But then, Stoecker has always been a few steps ahead of her peers. "I thought I was 25 when I was five," is how she describes her hippy-ish upbringing with her mum and DJ-cum-gig-promoter stepfather on a Camden council estate. While other kids were being reared on nursery rhymes and smiley potato faces, she was being weaned on Bob Marley and sourdough. And thanks to her step-dad's work, she got to toddle around the mid-1990s gigging scene like a miniature musical Zelig. Some of the deeply enviable memories she skips through include watching Oasis play an early gig at Camden's tiny WKD club and standing on stage with the Fugees at Wembley Arena. Oh, and then there was the time she had a sing-along with some old soul journeyman called Stevie Wonder in her gran's Ladbroke Grove living-room. Presumably she must have been the coolest kid in school, nay, the entire British education system? "No, people didn't know. Unless [you'd met] the Spice Girls or Five, no one gave a crap," she laughs.

Aged 12, however, the bohemian rhapsody came to a sudden end when her stepdad died in a car accident. "He was with me since the age of two; my whole everything changed," she says. "My mum went into complete shock and the whole house fell silent because every song reminded her of him. The only way there was going to be music in the house was if I wrote it."

And so it was that, with some cursory experience of the piano, she began to create songs from the simplest of chord patterns. Her album's second track, "Breathe", was written when she was 14; documenting her suffocating despair ("I must survive/this wonderful punishment called life"), it is the emotional centrepiece of a record which she says developed as an aural diary since she was "crap at keeping" the written ones.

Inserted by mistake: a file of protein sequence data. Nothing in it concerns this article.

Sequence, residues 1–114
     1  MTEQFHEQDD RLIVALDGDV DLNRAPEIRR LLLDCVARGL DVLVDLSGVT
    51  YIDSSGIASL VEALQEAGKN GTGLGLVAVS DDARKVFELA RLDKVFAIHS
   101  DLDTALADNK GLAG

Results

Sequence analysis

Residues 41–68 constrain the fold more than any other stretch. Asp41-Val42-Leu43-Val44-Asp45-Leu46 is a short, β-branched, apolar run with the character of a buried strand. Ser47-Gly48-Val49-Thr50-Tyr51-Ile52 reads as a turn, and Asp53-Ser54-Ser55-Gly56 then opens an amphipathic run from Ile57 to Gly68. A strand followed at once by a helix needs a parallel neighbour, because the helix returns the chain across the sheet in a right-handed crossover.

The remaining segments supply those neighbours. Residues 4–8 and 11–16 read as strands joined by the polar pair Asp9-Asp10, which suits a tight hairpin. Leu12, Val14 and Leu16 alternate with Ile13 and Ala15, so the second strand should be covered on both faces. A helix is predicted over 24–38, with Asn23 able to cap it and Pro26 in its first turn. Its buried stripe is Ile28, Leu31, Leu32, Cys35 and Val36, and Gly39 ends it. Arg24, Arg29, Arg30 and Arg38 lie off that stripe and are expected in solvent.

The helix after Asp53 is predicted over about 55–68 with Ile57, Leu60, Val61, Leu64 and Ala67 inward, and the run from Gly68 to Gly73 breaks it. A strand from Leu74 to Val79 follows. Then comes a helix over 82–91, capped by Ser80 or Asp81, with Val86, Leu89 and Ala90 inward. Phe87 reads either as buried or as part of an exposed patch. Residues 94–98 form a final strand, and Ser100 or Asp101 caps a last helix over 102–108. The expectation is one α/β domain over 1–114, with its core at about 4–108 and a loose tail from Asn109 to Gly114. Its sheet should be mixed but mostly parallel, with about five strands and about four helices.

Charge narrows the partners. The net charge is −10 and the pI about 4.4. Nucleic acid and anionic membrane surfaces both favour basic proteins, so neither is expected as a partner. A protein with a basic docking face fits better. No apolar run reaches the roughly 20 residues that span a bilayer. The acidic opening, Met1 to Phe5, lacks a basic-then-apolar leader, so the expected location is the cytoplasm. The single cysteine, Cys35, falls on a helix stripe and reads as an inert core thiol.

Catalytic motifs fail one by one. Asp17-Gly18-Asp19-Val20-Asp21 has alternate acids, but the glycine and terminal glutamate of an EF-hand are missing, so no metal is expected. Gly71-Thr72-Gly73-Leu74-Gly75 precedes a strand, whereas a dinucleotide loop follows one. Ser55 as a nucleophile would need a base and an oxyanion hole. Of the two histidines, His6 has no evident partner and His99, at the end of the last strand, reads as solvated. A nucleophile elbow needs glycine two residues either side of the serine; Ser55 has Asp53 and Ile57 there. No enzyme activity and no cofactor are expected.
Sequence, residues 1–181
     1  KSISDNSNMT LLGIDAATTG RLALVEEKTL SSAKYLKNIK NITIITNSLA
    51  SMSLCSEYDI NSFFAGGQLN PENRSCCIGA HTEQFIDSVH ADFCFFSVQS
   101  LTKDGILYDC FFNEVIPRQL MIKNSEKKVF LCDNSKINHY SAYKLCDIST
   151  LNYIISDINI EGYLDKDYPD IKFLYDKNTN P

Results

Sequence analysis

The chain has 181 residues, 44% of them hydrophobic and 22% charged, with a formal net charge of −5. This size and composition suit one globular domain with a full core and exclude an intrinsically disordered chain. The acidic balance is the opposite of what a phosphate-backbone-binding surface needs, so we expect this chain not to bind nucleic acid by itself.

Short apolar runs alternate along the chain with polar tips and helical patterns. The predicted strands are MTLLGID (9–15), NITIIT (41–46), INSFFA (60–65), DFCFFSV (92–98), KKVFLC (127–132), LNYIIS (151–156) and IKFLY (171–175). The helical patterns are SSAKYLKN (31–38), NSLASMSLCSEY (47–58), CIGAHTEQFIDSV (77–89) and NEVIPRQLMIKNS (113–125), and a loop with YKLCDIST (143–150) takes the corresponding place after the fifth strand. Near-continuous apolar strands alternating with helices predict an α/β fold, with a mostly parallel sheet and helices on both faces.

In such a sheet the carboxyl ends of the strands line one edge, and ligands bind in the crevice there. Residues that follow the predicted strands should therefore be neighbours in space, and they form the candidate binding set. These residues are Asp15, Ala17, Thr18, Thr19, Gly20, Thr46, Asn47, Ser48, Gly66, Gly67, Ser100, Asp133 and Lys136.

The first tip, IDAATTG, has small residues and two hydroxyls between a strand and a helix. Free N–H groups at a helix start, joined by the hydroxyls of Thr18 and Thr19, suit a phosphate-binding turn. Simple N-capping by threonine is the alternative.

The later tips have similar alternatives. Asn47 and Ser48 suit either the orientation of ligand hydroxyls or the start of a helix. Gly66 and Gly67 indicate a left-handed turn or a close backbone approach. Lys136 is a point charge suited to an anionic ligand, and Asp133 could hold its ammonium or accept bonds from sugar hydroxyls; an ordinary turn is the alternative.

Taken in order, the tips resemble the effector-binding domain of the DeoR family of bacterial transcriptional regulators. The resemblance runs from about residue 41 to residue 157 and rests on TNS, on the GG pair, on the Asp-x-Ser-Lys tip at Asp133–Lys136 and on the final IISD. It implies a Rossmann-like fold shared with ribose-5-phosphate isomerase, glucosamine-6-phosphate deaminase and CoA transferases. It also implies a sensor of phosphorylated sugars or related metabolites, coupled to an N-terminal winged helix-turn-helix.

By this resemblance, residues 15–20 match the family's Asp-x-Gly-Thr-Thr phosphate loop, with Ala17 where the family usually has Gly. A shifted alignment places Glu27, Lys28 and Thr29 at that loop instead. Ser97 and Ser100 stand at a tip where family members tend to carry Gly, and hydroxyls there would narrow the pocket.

Not that she kept this chronicle, either: a couple of years were lost to standard-issue teenage terror-dom – partying, truancy et al – and her chequered school attendance record meant she had to beg her way into an Islington sixth-form college by promising to reform her ways. Which, duly, she didn't – but with good reason this time: after songs she recorded for her musical performance A-level found their way from the studio producer to industry A&Rs, she found herself skipping classes for meetings with major labels. "I didn't really understand what was going on – I had no idea what a record contract meant. But the idea of getting some money from it, that was the thing I understood."

Though dammit if the joy of filthy lucre didn't quickly become adulterated by artistic concerns. As the title of the album, From the Roots Up, suggests, her talent has evolved organically over the past four years, refined by hard-won life experiences rather than cranked through the hype machine. Said events including a tumultuous relationship with a much older musician, her first proper love "who broke my heart a million and one times", and the death of an old friend in prison, which inspired the piano elegy "21". "He was in a bad crowd, but he was like a big brother; he always looked after me," she says. "I remember I was in New York, working. It was 3am and I was in the studio and I got a call from a friend of his saying he'd been in a fight and probably wasn't going to make it. It was going to be his 21st birthday a few weeks later, and that set me off – I had a beat left over from [our recording session] and I just started singing over the top of it. It was all done in a few minutes – it was the fastest song I've ever written."